Polysilicon sales loss dents Maxeon’s revenue forecast-beating opening quarter


Maxeon’s module production plant in Mexico realised its first module delivery in the US during Q1 2022. Image: Maxeon Solar Technologies.

Maxeon Solar Technologies saw its gross loss widen in Q1 2022 despite outlook-beating revenue after the sale of excess polysilicon at a loss dragged on its performance.

The PV module manufacturer’s gross loss reached US$12.9 million in the opening quarter, up by more than US$2 million sequentially, after losing US$8.3 million through the sale of excess polysilicon, done so to reduce its inventory.

The increase is due to a US$5.9 million loss on firm purchase commitments that had to be fulfilled in the quarter ending 3 July 2022.

Despite an increase in its gross loss, the module supplier exceeded its revenue forecasts, reaching US$223 million, while module shipments in Q1 2022 were 488MW, in line with its quarterly guidance and an increase from Q1 2021’s shipments of 379MW.

Maxeon revealed it was realising greater shipments of modules to Europe, figures for the continent soaring 75% year-on-year on the back of heightened demand, while its market share in Italy in particular topped 25% in the last quarter.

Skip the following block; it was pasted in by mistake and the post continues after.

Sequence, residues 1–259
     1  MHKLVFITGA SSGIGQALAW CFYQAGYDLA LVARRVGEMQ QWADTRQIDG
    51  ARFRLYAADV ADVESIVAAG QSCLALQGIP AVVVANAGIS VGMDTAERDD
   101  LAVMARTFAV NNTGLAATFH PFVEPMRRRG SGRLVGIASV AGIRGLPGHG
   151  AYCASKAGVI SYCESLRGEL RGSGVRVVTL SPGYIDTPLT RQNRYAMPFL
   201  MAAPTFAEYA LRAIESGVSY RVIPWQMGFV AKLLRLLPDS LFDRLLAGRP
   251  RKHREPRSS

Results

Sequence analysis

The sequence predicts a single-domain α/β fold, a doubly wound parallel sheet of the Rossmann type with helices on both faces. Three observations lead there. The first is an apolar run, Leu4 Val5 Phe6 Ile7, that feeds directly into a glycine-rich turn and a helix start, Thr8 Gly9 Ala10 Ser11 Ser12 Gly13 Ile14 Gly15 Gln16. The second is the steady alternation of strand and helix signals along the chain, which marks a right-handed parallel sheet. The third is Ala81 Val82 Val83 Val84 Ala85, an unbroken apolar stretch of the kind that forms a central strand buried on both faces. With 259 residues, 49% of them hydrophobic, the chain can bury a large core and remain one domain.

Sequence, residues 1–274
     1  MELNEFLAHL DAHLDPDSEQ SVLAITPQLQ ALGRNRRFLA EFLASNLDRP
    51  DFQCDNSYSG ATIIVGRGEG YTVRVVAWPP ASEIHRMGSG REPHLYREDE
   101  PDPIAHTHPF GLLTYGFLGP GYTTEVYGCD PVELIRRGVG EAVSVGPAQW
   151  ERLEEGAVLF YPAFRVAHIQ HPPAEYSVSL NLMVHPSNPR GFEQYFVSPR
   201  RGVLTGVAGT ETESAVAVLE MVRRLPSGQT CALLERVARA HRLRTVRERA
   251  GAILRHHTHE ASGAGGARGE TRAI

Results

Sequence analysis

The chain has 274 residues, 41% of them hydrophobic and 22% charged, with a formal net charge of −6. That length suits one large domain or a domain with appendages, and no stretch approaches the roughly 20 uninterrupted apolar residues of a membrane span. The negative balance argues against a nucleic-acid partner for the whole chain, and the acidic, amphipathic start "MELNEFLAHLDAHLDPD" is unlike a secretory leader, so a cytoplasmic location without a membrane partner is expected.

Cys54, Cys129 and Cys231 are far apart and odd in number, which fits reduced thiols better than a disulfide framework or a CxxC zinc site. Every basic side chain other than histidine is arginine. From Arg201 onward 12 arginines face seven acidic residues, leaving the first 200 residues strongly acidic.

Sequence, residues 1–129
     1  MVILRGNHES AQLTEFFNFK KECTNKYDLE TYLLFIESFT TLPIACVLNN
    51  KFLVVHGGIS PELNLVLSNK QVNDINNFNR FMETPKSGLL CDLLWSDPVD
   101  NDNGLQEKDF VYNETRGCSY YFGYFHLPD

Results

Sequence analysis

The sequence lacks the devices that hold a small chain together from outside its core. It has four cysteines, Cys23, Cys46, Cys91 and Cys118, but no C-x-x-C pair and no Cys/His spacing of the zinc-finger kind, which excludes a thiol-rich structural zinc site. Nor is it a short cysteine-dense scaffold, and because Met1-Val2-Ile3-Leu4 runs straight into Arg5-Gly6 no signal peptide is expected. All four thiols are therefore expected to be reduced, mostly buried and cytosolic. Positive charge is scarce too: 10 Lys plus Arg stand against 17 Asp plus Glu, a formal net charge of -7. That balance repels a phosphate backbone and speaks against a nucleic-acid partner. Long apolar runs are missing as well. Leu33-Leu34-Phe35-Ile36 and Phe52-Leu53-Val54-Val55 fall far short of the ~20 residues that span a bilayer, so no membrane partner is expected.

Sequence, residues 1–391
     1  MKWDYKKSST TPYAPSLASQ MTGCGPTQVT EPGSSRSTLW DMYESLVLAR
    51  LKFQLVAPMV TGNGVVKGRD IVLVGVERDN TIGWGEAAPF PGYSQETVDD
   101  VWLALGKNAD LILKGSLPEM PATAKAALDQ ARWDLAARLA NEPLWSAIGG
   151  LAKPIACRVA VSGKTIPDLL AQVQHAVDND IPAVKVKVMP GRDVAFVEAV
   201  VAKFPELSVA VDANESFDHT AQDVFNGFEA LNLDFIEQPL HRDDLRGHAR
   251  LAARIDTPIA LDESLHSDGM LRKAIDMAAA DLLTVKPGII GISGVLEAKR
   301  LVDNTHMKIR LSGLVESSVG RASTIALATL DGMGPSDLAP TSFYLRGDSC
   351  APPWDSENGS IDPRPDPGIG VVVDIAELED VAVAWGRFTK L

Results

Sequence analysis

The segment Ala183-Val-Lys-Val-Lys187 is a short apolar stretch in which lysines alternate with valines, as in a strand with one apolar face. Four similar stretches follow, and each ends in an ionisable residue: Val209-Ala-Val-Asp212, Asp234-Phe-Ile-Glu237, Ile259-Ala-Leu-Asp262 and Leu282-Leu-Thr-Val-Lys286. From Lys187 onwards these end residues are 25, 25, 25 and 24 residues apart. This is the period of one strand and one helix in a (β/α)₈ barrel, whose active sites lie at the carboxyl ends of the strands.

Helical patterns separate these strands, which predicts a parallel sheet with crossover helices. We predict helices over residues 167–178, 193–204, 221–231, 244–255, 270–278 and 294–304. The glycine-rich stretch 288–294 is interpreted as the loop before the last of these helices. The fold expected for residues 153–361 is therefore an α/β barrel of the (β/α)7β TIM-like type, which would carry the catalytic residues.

Jeff Waters, CEO at Maxeon, said: “While supply chain conditions remain challenging, we remain focused on executing on our key transformation initiatives.”

The module supplier gave an update on the production ramp-up of its Maxeon 6 and Performance line for the US market, two products that are “critical” for Maxeon’s return to profitability in 2023 and key to its transformation.

Waters said that Maxeon 6 capacity will reach 500MW during the second half of 2022, while the Performance line will be ramped up in the first half of next year and with the module supplier on track to treble its capacity expansion by the end of the fiscal year.

“As these projects near completion, our focus will pivot to Maxeon’s next transformation steps led by Maxeon 7, the ramp of storage sales, direct US residential market entry and North America capacity expansion,” added Waters.

Moreover, the company announced the delivery of its first modules for the US utility-scale market coming from its facilities in Mexico, where it aims to have 1.8GW of dedicated capacity for the US by early 2023.

In guidance for Q2 2022, Maxeon expects module shipments to come in at the 460MW – 490MW range, slightly lower than its outlook for Q1 2022.

Its forecasted revenue range for Q2 2022 is US$215 – 230 million, equating to a gross loss of US$15 – 25 million.

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